Introduction: Both short and long sleep have been associated with higher mortality. However, most studies are conducted in predominantly White or Asian populations and little is known about the sleep-mortality relationship in Blacks. Given the high prevalence of short and long sleep in Blacks, it is important to examine the health effects of sleep in this population.
Methods: We studied sleep duration in relation to all-cause, cardiovascular and cancer mortality in 55,375 participants age 40-79 at enrollment in the Southern Community Cohort Study, of whom ∼2/3 are Black. Weekday and weekend sleep durations were self-reported. Mortality follow up started at baseline (2002-2009) and was regularly updated until 2015 via linkage to Social Security Administration and the National Death Index. We used Cox proportional hazards model adjusting for multiple covariates to estimate relative risks associated with sleep duration.
Results: We found U-shaped relationships between weekday and weekend sleep duration and all-cause mortality, with the effects stronger in Whites than Blacks. Risks for all-cause mortality were significantly elevated by about 25% among Whites and about 10% among Blacks reporting either less than 5 hours or more than 9 hours of sleep compared with those reporting 8 hours of sleep. The associations among Whites but not Blacks were even stronger for cardiovascular disease mortality, whereas no association between sleep duration and cancer mortality was found in either group.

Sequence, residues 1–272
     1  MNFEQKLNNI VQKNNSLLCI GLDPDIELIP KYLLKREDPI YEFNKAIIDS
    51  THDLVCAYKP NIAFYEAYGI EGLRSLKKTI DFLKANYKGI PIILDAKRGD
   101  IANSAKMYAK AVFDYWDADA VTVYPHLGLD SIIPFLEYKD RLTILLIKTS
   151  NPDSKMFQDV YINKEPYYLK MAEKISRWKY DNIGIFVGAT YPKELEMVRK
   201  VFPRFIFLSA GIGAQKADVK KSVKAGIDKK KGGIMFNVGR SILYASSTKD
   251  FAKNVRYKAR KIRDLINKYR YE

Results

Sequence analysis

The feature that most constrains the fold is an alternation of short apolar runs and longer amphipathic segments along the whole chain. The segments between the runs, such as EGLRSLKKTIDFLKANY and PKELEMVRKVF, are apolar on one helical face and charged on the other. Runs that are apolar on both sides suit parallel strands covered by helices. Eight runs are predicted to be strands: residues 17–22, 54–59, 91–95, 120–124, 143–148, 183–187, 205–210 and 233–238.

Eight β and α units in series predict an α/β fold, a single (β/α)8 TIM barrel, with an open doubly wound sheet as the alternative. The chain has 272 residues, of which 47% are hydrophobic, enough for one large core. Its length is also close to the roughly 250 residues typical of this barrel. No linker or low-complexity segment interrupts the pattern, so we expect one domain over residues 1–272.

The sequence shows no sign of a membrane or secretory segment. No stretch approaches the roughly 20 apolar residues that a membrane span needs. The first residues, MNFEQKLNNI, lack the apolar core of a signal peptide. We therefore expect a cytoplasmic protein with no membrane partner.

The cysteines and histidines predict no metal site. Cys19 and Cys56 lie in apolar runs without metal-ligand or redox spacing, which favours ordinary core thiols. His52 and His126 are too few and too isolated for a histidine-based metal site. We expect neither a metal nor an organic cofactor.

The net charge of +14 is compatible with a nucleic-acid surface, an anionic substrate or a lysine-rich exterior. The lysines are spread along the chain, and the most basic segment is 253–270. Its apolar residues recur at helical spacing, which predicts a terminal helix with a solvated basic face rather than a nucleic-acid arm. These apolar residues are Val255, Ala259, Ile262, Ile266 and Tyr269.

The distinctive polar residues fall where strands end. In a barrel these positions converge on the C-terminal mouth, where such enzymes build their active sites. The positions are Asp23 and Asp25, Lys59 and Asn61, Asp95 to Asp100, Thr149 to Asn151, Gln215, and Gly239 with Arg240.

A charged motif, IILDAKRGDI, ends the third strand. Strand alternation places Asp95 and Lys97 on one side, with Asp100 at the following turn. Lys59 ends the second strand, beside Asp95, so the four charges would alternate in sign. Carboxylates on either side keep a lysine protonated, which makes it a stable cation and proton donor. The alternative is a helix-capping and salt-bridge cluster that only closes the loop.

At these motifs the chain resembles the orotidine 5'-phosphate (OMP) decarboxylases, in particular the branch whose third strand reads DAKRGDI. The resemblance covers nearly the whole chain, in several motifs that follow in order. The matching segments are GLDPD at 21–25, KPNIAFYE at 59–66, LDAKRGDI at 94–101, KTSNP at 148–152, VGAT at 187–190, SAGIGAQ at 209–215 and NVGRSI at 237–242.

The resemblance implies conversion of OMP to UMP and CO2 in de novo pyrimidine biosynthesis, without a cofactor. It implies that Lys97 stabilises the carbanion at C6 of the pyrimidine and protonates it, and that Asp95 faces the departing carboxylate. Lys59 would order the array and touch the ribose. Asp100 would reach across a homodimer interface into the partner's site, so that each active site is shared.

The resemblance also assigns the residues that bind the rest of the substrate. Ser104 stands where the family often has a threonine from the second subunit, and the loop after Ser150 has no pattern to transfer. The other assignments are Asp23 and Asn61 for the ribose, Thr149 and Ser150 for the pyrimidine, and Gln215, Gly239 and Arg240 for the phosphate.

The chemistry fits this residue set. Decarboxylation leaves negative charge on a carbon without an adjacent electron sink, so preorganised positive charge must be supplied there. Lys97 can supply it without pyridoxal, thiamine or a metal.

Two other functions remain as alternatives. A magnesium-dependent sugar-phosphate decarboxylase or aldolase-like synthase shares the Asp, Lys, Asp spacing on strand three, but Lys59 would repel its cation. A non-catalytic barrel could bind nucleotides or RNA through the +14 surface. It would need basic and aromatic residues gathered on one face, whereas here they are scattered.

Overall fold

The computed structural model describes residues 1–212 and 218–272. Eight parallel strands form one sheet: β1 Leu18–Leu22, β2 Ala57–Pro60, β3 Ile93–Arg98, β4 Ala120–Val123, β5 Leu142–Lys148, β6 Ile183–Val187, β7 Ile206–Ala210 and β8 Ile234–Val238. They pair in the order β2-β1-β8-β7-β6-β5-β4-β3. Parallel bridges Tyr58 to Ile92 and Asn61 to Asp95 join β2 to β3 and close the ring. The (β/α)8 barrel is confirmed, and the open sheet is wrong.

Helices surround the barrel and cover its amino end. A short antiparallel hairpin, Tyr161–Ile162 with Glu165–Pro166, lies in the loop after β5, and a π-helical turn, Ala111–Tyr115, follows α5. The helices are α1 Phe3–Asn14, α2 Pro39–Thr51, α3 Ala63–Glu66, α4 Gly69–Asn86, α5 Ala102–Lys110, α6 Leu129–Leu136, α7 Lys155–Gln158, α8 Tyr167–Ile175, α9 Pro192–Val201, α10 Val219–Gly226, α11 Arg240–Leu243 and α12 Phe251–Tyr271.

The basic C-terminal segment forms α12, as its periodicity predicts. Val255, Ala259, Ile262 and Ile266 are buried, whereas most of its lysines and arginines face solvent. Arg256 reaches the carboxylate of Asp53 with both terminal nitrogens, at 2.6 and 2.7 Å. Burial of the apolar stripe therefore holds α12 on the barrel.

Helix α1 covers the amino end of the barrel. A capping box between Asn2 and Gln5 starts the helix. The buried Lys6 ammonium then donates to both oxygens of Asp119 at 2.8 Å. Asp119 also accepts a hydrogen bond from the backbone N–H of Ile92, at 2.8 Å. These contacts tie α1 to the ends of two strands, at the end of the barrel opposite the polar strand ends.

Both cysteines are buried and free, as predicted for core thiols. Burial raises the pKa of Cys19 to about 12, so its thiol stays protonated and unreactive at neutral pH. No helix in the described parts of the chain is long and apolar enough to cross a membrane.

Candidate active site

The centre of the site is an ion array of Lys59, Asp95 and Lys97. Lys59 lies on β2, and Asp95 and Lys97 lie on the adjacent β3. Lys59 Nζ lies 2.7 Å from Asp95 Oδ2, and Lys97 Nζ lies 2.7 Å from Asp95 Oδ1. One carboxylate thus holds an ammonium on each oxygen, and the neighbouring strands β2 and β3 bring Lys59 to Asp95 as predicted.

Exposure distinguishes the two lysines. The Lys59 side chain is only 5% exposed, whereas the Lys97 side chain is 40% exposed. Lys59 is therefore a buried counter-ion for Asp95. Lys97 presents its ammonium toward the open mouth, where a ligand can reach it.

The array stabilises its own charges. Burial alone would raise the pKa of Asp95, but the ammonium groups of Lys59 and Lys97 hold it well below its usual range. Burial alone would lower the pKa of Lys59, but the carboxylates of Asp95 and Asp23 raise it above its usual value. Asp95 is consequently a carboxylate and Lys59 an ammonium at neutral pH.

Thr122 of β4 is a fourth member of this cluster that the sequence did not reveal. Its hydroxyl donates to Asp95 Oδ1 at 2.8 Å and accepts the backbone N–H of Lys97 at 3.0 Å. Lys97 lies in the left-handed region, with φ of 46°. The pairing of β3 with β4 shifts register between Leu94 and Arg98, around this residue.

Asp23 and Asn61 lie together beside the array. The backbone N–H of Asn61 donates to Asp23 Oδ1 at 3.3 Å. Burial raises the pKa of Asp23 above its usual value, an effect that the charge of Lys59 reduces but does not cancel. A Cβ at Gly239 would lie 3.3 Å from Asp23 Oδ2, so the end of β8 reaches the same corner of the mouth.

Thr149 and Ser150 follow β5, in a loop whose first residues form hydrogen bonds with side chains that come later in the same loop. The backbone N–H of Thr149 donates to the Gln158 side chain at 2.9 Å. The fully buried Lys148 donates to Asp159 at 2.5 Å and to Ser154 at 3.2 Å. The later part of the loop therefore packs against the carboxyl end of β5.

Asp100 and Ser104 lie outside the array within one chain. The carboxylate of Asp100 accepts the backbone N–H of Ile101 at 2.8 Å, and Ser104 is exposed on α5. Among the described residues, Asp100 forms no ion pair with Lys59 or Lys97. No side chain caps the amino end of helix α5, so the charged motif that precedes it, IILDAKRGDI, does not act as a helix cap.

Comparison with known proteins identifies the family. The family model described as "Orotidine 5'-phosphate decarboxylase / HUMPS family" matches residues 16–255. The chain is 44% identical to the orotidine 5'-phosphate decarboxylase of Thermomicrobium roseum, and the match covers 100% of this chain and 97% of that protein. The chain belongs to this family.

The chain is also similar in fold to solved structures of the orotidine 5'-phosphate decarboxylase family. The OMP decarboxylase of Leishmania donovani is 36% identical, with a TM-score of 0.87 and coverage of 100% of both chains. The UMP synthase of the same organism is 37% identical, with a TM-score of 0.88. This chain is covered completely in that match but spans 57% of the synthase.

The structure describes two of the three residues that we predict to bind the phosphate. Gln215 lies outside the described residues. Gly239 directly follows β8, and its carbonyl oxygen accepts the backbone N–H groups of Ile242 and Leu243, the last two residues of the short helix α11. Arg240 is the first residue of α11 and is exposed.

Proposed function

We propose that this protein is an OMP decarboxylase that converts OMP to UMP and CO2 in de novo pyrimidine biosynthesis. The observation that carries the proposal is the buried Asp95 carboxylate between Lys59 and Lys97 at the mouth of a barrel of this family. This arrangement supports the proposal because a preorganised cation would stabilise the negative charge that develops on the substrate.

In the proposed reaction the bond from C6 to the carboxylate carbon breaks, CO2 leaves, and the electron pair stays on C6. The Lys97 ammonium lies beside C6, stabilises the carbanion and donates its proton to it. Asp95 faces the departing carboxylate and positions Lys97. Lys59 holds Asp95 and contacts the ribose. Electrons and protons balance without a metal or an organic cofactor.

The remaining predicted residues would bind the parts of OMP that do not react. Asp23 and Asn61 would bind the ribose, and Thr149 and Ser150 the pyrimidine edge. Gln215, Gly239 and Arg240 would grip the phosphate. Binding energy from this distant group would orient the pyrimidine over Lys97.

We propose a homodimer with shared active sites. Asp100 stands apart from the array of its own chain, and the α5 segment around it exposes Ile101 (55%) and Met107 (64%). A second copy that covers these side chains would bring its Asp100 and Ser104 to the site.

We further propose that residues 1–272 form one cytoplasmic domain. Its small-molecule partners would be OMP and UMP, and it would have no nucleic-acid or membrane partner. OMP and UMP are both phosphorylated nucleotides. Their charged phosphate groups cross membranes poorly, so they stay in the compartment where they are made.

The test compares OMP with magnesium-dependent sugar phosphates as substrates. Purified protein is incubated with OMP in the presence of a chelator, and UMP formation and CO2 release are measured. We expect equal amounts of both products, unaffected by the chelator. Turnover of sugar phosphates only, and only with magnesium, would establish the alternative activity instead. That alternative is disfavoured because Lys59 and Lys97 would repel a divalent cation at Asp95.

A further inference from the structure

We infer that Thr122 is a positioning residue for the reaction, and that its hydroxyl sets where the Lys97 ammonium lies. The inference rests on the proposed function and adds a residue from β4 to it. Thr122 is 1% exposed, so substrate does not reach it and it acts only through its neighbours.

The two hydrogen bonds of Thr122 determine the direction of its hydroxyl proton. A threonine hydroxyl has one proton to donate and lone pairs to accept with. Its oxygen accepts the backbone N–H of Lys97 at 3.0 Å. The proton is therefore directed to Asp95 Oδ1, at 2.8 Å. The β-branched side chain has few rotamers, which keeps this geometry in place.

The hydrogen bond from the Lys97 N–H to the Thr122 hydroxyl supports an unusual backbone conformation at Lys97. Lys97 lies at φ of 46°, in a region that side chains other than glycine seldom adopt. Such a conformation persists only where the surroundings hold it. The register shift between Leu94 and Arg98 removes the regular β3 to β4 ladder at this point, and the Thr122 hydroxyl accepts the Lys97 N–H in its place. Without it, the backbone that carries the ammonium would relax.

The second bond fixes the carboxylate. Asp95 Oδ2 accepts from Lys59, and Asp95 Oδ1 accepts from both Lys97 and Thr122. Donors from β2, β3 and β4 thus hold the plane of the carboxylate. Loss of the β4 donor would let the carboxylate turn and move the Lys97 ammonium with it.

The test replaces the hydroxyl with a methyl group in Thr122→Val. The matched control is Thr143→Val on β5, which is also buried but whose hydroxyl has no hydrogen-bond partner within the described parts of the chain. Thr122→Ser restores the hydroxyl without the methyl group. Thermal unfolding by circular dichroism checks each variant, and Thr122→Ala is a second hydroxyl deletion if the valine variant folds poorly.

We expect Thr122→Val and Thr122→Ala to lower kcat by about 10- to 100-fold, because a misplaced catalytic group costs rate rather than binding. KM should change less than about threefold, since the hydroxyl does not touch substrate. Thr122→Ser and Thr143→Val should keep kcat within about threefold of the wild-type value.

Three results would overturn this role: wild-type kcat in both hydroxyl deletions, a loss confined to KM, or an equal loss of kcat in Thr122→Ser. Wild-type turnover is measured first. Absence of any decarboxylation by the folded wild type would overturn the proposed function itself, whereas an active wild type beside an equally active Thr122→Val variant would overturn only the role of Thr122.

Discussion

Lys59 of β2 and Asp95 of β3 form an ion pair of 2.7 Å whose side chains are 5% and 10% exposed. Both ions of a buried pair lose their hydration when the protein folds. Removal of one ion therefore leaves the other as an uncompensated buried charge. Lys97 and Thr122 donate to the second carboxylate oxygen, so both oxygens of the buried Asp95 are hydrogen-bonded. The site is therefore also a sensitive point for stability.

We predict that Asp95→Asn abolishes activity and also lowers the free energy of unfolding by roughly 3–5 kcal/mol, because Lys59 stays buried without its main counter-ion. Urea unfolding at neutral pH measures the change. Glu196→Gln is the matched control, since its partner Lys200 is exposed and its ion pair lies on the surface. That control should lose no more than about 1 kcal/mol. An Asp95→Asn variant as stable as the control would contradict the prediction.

Conclusions: Our results suggest that short and long sleep durations may be weaker predictors of total and cardiovascular mortality in Blacks than in Whites.
Keywords: African Americans; Cancer mortality; Cardiovascular mortality; Health disparity; Mortality; Sleep.
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